Rx: Safe Hot Springs Soaking

Being sun-smart is part of practicing safe soaking

Rx: Safe Hot Springs Soaking

Soaking in geothermal springs is considered a relatively safe venture, but being aware and informed of potential risks can help avoid unexpected health issues. Here’s a rundown of safe soaking practices for the next time you visit Iron Mountain Hot Springs or any other geothermal spring.

Safe soaking practices ensure you have a great day at Iron Mountain Hot SpringsBe sun smart year-round. The dog days of summer may be behind us, but because of Glenwood’s elevation at 5,600 feet above sea level, the chances of getting sun damage—even on a cloudy day—are increased. Be sun smart while soaking by wearing a broad-brimmed hat, sunglasses and sunscreen. If you forgot any of these items, we’ve got reasonably priced options available in the bathhouse gift shop.

Slippery when wet. Surfaces around any pool have the potential to be slippery when wet. Take precautions to avoid falls. For starters, always walk—don’t run. Use the railings at the soaking pools and family pool to enter and exit. For extra balance while ascending steps, grab hold of the railings there as well. Additionally, Iron Mountain Hot Springs places non-slip mats throughout the bathing areas to reduce slippage. Another good practice is to wear grippy soled shoes when walking to other pools, the Sopris Café or the locker rooms.

Be water-wise. Commercial hot springs are public swimming pools and are required to meet stringent water state quality standards. That’s not the case for hot pots, hippie dips or wild hot springs found in nature. Iron Mountain Hot Springs exceeds state standards by a long shot. We take great pride in caring for our natural water resource. The water in our 16 soaking pools is completely refreshed every two hours and tested throughout the day. Additionally, we drain, scrub and power wash the pools on a weekly basis to ensure premium soaking conditions for our guests.

Timing is everything. While that 108°F water may feel terrific on your sore muscles, don’t overdo it. Prolonged soaking can lead to hyperthermia—high body temperature—and ultimately to heat stroke which is a serious medical condition. So pace yourself, soak for no more than 15 minutes at a time before giving yourself a break by either moving to a cooler pool, sitting on the edge of a soaking pool or getting out altogether for a spell.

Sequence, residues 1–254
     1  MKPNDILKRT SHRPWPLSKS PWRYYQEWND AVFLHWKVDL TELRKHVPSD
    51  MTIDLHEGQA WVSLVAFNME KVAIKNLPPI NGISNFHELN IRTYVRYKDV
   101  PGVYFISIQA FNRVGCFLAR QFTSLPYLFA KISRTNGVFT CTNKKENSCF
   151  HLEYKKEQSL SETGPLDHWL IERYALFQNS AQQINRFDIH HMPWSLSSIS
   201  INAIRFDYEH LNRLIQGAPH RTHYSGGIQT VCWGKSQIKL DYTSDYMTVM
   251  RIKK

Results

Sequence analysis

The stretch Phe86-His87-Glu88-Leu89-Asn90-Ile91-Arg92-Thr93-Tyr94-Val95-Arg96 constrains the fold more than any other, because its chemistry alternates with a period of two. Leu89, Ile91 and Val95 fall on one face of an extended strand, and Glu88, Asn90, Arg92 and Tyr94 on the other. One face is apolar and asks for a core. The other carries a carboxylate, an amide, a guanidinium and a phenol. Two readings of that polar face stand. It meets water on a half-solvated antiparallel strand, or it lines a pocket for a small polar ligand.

How’s your health? If you have known health conditions like cardiovascular disease, it’s a good idea to check with your doc before you spend an afternoon soaking in hot water. No one wants to go to the emergency room on their vacation. Just as important, if you are ill or are experiencing lower intestinal issues, for the health and wellbeing of all, please stay out of the water and visit us at another time when you are feeling better.

Baby on board? Keeping that precious bundle of joy safe and happy is your primary duty as a mom-to-be. Before soaking we recommend checking with your OB/GYN just to be on the safe side. Also, when planning your getaway to Iron Mountain Hot Springs, please keep in mind that children under the age of five are not allowed in our geothermal soaking pools. They are welcome, however, to splash and play in the freshwater family pool.

Practice moderation. Visitors to Iron Mountain Hot Springs can enjoy wine, beer and other cocktails, all safely packaged for poolside enjoyment. We encourage guests to drink responsibly. Because hot springs accelerate the effects of alcohol, imbibing in moderation is a key factor to enjoyable relaxation without negative effects.

Now that you know how to have a safe soak at Iron Mountain Hot Springs, it’s time to get in the water and HAVE FUN!

The following two tabs change content below.

Karin Gamba

Karin Gamba has been writing professionally for the travel and tourism markets for nearly two decades. She has promoted a wide array of travel products that include destination towns, vacation resorts, golf courses, ski areas, spas, hotels, restaurants and countless visitor attractions. Karin especially loves writing about her hometown of Glenwood Springs.

Latest posts by Karin Gamba (see all)